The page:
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Rosie Flores plants a single rose

By Ken Burke, June 2004

Page 2...

"So, for me and my label, I'm not ready to sign a lot of people yet. I would like to in the future, but I want to figure out how to make ("Single Rose") sell first so I can have enough money to do it right."

According to Flores, the set list she employs for "Single Rose," benefits greatly from the input of her two guest stars, ex-band mate Intveld and fiddle-playing Tammy Rogers.

"(James Intveld) came to town to write," explains Flores, "and that's why he happened to be here to sing on a song. He helped me with some arranging on my songs the night before we recorded. He was like, 'You know, that chord doesn't really sound like it goes there, but if you ended that solo like this...' It's almost like he was the secret producer on that record. I really think those songs would not have been as good if he hadn't been there that night."

Flores also heaps praise upon Rogers, who can be heard playing fiddle on the heart-tugging "Daddy's Lullaby." "I will always take every chance I can get to work with Tammy," she gushes. "If I ever want a viola, cello or violin, I'll call her because I love her heart when she plays. Not only is she a great player intonation-wise, but her notes are just very sweet and straight from the heart. No wonder she's got the gig with Reba McEntire right now. She's going to get to make a lot of money right now, which is really great for her because she's basically been an Americana artist her whole life."

Rogers can also be heard on the bilingual ballad, "It's Over." Asked if it's hard to translate such an emotional feel from one language to another, Flores responds, "No, not at all. It's almost easier to go more emotional because the lyrics become so much more poetic. Spanish lyrics are so much more sensual. But I can see why people want to record songs in that language because of they way people talk and the way things translate. Like, you would say, "Darling, you take the stars out of my eyes when you walk away from me...," and these things would be almost corny if you were to translate them into English. It's almost too romantic. So, it's just easier to go to that place and sing in that language."

Another aspect of her new album that Flores takes pride in is her acoustic guitar work. Scattered among the rockabilly of "'59 Tweedle Dee" and the rootsy showcasing of the old Ricky Skaggs hit "Country Boy (Girl)," reside top class renditions of "Heartbreak Train" and "Box Cars," which conjures the atmosphere of '30s jazz. Could the "Rockabilly Filly" be channeling the influence of Django Reinhardt?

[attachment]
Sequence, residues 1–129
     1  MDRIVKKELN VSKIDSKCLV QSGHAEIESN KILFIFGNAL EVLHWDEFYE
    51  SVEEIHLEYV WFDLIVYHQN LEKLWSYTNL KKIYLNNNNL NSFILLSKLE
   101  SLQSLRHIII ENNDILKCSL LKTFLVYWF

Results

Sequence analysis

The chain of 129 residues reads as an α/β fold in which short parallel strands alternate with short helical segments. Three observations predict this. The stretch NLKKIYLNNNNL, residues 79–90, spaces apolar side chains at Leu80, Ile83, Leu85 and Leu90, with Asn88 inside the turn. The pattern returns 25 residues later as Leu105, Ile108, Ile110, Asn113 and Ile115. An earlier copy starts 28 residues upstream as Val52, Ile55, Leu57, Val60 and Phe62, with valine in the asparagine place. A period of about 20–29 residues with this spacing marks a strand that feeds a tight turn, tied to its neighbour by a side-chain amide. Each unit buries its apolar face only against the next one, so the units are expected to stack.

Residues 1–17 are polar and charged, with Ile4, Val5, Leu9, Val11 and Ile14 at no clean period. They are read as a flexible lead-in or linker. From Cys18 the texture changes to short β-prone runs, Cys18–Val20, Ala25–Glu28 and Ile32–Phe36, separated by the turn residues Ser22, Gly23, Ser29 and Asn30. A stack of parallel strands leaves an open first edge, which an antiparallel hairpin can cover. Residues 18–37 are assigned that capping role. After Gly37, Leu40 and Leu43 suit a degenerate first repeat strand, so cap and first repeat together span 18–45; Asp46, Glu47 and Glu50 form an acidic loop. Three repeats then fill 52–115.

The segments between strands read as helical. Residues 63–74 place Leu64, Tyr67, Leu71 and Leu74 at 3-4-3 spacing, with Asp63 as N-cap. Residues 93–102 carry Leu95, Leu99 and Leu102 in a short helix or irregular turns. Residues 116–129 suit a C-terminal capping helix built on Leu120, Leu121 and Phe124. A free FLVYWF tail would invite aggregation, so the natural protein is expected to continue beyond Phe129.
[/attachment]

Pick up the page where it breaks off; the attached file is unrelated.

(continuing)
"You're hearing a Django Reinhardt that I learned how to play from T.K. Smith, who basically wrote the original solo for 'Box Cars,'' Flores admits. "He was greatly inspired by Django, and then I took my adaptation of my version of T.K. Smith's version of Django and made it my own. So, mine's kind of a third generation down. But I am a really big Django Reinhardt fan."

Flores stays busy with projects she feels strongly about. As we spoke, she was helping organize a tribute/benefit for her mentor, the late honky-tonker Gary Stewart. Further, an overseas tour is in the works, and she has a "secret project" in mind "that has something to do with the Latin world, and I think it's really going to sell."

However, her immediate concerns are about "Single Rose" and the future of her new label cause her to momentarily take on the persona of any other record executive."We sent out close to 3,000 records," Flores candidly states. "It's up to me to get out there, promote it and get on TV shows and radio to let people know that it's out there. This is when the hard part all begins. But I have a really good management team, and they're getting everything in order so we're a smooth running machine so we can pay the bills and start saving money and can make the next record. I've tried to do it by myself for years. It hasn't been so tough that I wanted to actually quit, but it's been hard on me emotionally."

Then, just as quickly, Flores the artist reemerges.

"Although, dealing with the highs and lows are sometimes good for writing."

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